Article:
Gas, oil prices set records
November 8, 2007
The simple action of going to the gas station and filling up a gas tank doesn’t always conjure images of global markets spinning out of control and complicated geopolitical relationships.
Or maybe, recently, it does.
Phil Avery, a seasonal hunter visiting from Sacramento, Calif., looks at the prices, hanging high from a roadside gas station sign in Craig, and thinks about all that.
“It sucks,” Avery said.
But Avery knows more than the average person may. For instance, he knows the current price for a barrel of oil is about $97, the highest in the history of the automobile.
The previous high was set last Friday, Nov. 2.
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“I know that, and it sucks,” Avery said.
Another record recently broken is the price for a gallon of regular unleaded gas this time of year.
In between Memorial Day and the holiday season at the end of the year is generally a time when gas prices drop, said Eric Escudero, AAA Colorado manager of public relations.
People typically don’t travel a lot during that time, so prices fall with the demand, he added.
“The scary thing about prices being so high this time of year, is that when the holidays come around, they’re most likely going to go even higher,” Escudero said, “because people will be traveling farther and that demand usually drives the prices up.”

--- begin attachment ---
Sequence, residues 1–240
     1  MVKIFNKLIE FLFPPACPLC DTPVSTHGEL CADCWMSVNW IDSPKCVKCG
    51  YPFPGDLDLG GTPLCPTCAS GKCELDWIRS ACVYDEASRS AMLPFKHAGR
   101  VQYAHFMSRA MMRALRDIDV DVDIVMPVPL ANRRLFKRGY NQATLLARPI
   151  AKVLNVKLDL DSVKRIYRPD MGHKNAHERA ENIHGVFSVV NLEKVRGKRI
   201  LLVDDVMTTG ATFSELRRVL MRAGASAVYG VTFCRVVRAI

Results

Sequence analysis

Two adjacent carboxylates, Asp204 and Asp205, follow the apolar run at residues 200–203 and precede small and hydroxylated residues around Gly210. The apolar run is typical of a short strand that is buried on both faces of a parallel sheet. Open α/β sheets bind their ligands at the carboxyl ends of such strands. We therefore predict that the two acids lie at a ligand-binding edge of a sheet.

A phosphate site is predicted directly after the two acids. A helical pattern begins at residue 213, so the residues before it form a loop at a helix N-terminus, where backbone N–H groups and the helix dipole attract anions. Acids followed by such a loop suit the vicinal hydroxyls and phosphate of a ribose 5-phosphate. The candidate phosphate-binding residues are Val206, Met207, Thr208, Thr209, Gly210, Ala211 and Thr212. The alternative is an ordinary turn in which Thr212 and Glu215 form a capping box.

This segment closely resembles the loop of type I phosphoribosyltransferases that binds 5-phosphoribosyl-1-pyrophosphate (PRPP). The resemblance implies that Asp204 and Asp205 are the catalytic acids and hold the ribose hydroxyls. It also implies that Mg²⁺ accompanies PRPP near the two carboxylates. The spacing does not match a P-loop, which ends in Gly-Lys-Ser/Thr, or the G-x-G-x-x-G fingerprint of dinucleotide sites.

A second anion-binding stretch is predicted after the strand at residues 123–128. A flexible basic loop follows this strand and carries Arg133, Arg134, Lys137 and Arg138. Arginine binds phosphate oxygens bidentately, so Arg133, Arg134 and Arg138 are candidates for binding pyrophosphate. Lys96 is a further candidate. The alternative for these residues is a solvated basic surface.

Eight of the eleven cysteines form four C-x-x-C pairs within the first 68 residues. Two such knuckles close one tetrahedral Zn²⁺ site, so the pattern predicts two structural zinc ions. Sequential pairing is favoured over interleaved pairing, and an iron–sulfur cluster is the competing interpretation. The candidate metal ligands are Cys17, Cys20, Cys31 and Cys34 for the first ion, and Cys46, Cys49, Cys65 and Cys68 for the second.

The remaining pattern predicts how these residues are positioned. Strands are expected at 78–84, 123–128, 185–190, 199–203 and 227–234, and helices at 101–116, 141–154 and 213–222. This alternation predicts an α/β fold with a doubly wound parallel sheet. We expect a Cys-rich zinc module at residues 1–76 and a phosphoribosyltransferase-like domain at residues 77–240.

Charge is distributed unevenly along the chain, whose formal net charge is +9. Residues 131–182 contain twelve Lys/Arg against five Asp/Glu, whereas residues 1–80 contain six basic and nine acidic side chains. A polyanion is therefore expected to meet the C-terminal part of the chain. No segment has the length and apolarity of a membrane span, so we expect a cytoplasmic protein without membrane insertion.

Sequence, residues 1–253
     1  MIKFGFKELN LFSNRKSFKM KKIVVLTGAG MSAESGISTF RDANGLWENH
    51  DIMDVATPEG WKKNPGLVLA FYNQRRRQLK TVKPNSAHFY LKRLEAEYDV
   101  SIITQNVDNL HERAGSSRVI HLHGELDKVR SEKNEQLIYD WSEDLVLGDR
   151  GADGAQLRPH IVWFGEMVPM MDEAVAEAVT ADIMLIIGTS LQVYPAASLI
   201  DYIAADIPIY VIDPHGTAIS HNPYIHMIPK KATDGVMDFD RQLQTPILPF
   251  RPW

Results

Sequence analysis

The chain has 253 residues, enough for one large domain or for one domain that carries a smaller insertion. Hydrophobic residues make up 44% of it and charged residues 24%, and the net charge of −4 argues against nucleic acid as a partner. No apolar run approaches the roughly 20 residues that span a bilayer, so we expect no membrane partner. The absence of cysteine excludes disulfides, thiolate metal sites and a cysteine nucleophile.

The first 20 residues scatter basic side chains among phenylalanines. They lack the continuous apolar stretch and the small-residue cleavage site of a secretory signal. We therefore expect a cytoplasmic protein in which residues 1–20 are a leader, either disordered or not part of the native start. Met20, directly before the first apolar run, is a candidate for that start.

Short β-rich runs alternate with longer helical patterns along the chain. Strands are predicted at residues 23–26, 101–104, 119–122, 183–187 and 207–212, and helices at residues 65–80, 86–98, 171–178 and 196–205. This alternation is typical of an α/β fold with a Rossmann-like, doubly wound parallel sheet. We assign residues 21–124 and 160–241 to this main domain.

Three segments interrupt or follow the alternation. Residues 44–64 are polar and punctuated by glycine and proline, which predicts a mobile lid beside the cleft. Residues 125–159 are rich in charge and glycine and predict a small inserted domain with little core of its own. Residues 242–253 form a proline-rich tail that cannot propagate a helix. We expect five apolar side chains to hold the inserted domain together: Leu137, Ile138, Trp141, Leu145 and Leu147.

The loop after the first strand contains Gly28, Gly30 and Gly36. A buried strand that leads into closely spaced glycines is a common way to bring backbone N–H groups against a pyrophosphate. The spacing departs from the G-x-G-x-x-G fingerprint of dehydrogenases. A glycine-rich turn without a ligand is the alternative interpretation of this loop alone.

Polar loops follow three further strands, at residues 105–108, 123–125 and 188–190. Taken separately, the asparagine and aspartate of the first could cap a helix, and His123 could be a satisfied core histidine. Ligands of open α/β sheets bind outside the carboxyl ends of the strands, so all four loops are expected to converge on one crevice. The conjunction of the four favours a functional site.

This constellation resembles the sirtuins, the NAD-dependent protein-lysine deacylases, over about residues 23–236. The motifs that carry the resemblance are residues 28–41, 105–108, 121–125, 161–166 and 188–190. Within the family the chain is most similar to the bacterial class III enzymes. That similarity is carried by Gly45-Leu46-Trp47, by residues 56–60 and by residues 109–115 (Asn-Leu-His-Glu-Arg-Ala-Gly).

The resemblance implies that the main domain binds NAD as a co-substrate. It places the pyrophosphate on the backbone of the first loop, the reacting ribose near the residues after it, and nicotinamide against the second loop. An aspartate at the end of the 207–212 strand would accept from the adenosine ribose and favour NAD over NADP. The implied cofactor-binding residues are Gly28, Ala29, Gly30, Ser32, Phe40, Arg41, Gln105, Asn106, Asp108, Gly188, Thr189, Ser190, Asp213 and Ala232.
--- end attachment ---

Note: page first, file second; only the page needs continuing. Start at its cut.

The national average for regular unleaded is at $3.02 per gallon, compared to the all-time high of $3.22 set last year.
The average for Colorado gas stations is at $3.03 per gallon, compared to the $3.34 per gallon record set this past Memorial Day.
The current average is 15 cents more than a week ago, 22 cents more than a month ago and 82 cents more than a year ago, according to AAA.com.
After a Wednesday announcement from the Energy Information Association, a national group – which said U.S. oil supplies fell by 800,000 barrels last week – the price of crude oil finished the day at $97.65.
This is the fourth time in U.S. history the national average for a gallon of regular unleaded gas has been above $3 a gallon.
“There’s a lot of different opinions why,” Escudero said. “The only certain thing is that prices are directly related to the rising cost of oil.”
The price of crude has risen from less than $80 to almost $100 in less than a month.
Energy analysts blame a lot of the price surging on floods in the southern Mexico state of Tabasco. Oil company Pemex has many of its oil fields there and has not produced at capacity.
Mexico is the second largest source of imported U.S. oil behind Canada, according to AAA.com.
Compared to gas prices during the oil embargo of the late 1970s and early 1980s and adjusting for inflation, prices now are at that level or higher, according to analysts, Escudero said.
“People might go to gas pumps and think, ‘Oh, I’m not surprised. Gas is always high,'” Escudero said. “But this is really something that has never happened before.
“The only certainty is gas prices right now is the uncertainty.”